Release date – 24th January 2020, Run-time – 1 hour 59 minutes,
Cert – PG, Director – Armando Iannucci

David Copperfield (Dev Patel) recounts his life from the poverty and rags of childhood to the struggles of adulthood.

Over the past few years Armando Iannucci has made a name for himself through his often biting satires. Rising from his days as a writer on the Alan Partridge team he has found himself creating The Thick Of It, and eventual big-screen outing In The Loop, alongside 2017’s The Death Of Stalin.

Now Iannucci stays within the realm of the period piece, however this time with a lighter, possibly more family oriented style. Much of this coming from his decision to adapt the words of Charles Dickens, which some might say is almost the polar opposite of the works that helped make him famous.

The Personal History Of David Copperfield follows Dev Patel’s titular Copperfield recounting his life from the rags and harsh conditions of his childhood – forced to work in a glass bottle making factory – to the struggles of his adult life, continuing to deal with those who were a part of his growing up; who almost seem to be invading his adulthood.

Amongst all the lightly, yet convincingly, held drama the standard brand of Iannucci comedy remains present. Often well-placed and naturalistic the frequently whimsical wit helps to form a fine tone for the film that helps to form a connection both with the central character and the world that he creates – the film being told from his perspective as part of a talk. With a cast that includes the likes of Tilda Swinton, Ben Whishaw, Peter Capaldi and Hugh Laurie there’s plenty of likeable British talent to help bring the world and characters to life. Each cast member clearly understands the eccentricity of their character, yet also the upset and almost tragedy that lingers within their lives. Iannucci’s screenplay effectively combining both of these elements with his sense of warmth and wit to create something undeniably inviting.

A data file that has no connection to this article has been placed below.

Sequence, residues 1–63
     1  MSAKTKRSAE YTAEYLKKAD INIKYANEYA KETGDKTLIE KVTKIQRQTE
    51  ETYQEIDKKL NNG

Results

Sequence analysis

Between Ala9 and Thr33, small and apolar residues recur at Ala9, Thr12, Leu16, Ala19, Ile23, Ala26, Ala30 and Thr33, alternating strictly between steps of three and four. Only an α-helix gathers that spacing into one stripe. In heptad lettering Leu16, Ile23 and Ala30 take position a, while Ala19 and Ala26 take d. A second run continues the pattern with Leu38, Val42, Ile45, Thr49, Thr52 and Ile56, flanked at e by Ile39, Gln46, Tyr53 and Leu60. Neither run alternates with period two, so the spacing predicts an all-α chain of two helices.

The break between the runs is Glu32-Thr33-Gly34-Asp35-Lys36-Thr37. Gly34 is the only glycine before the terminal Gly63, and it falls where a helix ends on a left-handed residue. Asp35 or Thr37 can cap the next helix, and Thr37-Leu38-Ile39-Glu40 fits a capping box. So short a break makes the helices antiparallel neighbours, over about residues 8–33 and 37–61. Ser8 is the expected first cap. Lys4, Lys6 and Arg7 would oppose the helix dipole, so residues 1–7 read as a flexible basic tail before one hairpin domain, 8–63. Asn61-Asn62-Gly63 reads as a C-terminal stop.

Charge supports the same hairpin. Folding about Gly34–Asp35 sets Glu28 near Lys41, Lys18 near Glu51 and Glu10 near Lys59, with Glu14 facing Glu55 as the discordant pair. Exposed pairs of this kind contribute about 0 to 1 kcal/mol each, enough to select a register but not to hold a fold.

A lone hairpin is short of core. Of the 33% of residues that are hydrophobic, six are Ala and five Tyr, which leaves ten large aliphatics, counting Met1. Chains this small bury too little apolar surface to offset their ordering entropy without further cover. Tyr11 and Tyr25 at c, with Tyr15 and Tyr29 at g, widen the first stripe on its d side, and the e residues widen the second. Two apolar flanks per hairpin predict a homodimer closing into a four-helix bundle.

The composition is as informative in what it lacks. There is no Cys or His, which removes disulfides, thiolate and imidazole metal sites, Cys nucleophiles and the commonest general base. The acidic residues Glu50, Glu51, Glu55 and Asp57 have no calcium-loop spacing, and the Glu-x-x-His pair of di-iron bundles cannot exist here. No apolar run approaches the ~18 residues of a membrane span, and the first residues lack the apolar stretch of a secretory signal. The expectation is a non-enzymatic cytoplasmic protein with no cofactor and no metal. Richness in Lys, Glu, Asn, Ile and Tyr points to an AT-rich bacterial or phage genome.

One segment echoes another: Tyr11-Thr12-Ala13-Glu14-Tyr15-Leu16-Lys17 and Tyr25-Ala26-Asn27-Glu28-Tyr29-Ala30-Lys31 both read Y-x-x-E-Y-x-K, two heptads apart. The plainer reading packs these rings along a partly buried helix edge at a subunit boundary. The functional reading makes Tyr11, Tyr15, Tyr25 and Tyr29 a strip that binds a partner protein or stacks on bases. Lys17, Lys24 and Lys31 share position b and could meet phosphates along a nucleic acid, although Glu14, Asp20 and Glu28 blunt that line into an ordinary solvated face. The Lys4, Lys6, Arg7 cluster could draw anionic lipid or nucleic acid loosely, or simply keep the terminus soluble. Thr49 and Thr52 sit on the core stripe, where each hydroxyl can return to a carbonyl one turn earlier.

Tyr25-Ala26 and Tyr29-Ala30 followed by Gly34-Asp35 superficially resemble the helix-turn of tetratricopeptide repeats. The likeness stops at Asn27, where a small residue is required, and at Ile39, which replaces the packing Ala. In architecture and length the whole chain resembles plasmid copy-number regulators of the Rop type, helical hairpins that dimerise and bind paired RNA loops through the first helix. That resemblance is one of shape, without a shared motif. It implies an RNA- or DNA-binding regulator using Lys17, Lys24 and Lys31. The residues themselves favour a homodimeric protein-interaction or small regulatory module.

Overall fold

At one point Capaldi’s Mr Micawber states “We do currently exist primarily al fresco” – a line which sums up much of the wit and upset of the film. In fact Iannucci himself has said that there is “a sadness to the portrayal” of a number of the characters. One that brings an element of honesty into the piece, showing everyone with their flaws, allowing for a greater connection to be formed. Even if some traits do include constantly chasing people on donkeys, and occasionally kicking the rider off, due to not allowing them on, or near, the property – a recurring trait for Swinton’s Betsey Trotwood.

Everything simply combines to create a more charming, warm and witty piece. As if the words of Dickens’ novel have literally been somehow exactly translated to the screen. The film very much feels like it might do to read the book it’s based on. Through an all-star cast, and in fact the character of David Copperfield himself, Iannucci creates something very close to his own Paddington. Through it’s detail and insanely likeable characters the film just works, bringing the viewer in and never quite letting go of it’s grip on them.

Filled with wonderfully eccentric, likeable characters, never forgetting upset and tragedy, The Personal History Of David Copperfield shows new ground for Armando Iannucci. While still brilliantly funny this latest feature shows his warmth and emotion instead of fear.

Rating: 4 out of 5.